Juneteenth celebration to include food, fireworks and giveaways at Kendall-Perkins Park

June 12, 2021 | 12:10 am

Updated June 11, 2021 | 10:52 pm

The Owensboro Black Expo will be holding a community event to celebrate Juneteenth from 4-9 p.m. on June 19 at Kendall-Perkins Park. 

Black Expo Board Secretary Martiza Meeks said the celebration will help raise money for the Owensboro Black Expo Scholarship fund, which provides at least $500 to a local student between 16 and 25 years of age during the fall and spring semesters. 

The event will be put on through a collaboration between the Owensboro Black Expo and the Owensboro Human Relations Commission, while United Way of the Ohio Valley will serve as a vendor for the event. 

Books featuring narratives from Black and Brown communities will be given away, as well as a variety of toiletries. Food trucks will be set up at the park, and T-shirts made specifically for Juneteenth 2021 will be sold to help raise funds for the Black Expo scholarship.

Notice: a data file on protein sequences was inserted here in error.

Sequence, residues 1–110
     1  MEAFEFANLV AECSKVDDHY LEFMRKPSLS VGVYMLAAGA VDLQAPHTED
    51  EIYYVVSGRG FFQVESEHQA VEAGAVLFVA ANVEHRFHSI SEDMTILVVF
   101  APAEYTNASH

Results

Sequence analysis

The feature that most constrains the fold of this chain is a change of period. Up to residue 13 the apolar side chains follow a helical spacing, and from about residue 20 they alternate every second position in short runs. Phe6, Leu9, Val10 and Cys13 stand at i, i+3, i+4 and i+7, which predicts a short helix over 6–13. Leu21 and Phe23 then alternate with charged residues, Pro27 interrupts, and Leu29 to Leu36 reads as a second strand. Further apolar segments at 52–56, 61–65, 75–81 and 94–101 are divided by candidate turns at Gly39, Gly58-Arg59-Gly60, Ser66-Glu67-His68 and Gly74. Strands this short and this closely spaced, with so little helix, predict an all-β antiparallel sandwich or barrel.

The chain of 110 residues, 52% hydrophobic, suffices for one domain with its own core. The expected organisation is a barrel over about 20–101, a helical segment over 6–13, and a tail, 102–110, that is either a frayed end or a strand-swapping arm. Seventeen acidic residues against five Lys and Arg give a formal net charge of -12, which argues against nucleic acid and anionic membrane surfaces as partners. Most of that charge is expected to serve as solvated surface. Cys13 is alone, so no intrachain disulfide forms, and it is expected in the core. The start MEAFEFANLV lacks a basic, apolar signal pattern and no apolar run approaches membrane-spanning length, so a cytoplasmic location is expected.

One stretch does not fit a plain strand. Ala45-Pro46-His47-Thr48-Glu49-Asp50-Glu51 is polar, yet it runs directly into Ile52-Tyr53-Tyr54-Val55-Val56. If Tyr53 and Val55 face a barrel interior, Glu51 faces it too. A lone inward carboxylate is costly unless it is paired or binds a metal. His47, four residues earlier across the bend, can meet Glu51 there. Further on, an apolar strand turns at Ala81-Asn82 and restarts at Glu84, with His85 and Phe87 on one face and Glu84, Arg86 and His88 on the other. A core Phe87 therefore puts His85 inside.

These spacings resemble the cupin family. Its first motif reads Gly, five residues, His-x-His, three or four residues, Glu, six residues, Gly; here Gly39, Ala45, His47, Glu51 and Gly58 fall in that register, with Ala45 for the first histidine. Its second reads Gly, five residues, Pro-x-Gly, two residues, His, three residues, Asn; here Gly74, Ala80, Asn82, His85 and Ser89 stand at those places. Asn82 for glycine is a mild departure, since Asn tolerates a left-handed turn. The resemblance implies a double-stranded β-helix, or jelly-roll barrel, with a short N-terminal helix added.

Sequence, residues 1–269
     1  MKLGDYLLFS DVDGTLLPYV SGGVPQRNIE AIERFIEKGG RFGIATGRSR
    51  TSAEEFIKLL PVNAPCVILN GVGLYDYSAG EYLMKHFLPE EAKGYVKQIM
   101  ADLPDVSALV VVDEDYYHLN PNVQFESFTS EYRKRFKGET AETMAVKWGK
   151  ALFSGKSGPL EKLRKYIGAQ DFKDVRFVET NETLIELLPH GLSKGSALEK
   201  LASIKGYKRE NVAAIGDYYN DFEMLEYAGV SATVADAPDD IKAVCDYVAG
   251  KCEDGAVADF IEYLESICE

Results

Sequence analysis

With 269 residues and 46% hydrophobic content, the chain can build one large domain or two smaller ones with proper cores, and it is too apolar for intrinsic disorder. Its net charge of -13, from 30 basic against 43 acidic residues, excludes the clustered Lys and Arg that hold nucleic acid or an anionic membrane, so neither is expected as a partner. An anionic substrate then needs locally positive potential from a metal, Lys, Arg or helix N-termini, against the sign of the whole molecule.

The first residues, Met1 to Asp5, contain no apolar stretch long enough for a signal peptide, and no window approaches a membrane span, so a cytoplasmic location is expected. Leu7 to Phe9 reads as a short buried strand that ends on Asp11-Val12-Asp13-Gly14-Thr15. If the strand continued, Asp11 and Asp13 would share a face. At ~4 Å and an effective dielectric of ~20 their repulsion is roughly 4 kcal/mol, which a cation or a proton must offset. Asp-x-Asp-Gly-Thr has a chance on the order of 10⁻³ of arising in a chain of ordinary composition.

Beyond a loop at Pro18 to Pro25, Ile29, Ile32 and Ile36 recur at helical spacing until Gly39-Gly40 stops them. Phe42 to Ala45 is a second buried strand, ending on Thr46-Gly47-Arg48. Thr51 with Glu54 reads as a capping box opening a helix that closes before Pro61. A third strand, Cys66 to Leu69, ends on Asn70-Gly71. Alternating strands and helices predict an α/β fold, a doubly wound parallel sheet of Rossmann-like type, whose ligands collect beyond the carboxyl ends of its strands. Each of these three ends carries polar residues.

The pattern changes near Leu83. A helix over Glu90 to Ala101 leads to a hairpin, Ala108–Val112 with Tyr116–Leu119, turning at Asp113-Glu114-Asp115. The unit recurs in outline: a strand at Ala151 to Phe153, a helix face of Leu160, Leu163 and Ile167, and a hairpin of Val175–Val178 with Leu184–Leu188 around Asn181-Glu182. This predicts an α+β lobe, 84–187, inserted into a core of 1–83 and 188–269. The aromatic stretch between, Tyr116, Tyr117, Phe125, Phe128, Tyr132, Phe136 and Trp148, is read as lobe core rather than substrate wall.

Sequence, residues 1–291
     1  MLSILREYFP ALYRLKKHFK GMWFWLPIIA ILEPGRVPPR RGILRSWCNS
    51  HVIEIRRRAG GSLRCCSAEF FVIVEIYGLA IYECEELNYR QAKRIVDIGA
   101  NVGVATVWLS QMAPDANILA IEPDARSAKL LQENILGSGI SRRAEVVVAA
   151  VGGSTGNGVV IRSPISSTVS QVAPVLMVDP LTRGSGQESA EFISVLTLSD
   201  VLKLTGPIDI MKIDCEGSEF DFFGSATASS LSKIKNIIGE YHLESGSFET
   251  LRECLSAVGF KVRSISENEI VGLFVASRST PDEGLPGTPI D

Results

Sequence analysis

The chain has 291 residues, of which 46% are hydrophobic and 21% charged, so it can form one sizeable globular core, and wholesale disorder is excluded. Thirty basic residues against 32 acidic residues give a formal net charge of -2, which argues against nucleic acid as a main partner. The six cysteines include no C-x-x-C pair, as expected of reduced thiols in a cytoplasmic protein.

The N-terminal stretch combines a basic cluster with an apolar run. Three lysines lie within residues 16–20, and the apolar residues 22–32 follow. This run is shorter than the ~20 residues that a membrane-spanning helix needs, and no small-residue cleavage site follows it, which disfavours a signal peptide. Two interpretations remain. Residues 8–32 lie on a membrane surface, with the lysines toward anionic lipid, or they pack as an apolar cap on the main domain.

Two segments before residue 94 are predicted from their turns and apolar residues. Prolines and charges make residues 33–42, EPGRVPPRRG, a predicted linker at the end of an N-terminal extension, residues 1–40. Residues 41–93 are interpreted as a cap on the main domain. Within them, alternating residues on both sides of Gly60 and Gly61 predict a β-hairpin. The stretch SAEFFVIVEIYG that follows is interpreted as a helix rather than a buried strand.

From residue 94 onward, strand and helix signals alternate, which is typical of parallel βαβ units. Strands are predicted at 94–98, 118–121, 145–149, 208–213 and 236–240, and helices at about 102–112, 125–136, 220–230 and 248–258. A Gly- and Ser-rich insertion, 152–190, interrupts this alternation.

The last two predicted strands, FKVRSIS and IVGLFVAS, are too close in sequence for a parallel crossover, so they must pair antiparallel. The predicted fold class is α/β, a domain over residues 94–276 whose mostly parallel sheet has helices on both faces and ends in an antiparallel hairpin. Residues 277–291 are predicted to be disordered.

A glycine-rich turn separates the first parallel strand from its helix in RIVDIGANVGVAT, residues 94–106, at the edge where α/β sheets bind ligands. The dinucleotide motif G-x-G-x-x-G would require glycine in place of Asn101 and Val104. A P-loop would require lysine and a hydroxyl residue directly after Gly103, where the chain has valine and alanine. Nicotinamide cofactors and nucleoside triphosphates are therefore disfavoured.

The night will be topped off with a fireworks display that will take place at Fourth Street Baptist Church, though Meeks said those in attendance should be able to see them from the park as well. Guests are welcome to bring their own chairs for the fireworks display. 

“This event is multicultural in attendance and participation,” Meeks said. “We value education, togetherness and unity.” 

Juneteenth — also known as Freedom Day, Jubilee Day, Liberation Day and Emancipation Day — is a holiday celebrating the emancipation of those who had been enslaved in the United States. 

According to Meeks, one of the nonprofit’s primary missions since its inception has been to educate the community and bring awareness to holidays such as Juneteenth. 

Meeks said while the recognition of Juneteenth — which was first celebrated in Texas on June 19, 1865 — should be relevant to communities of all races, the holiday is often left out of history books and lectures. 

“It’s important to teach our children the truth because I believe the education system has done a disservice to all of us,” she said. “Our duty as Owensboro Black Expo is educating our communities — specifically Blacks, because there’s a need.” 

June 12, 2021 | 12:10 am

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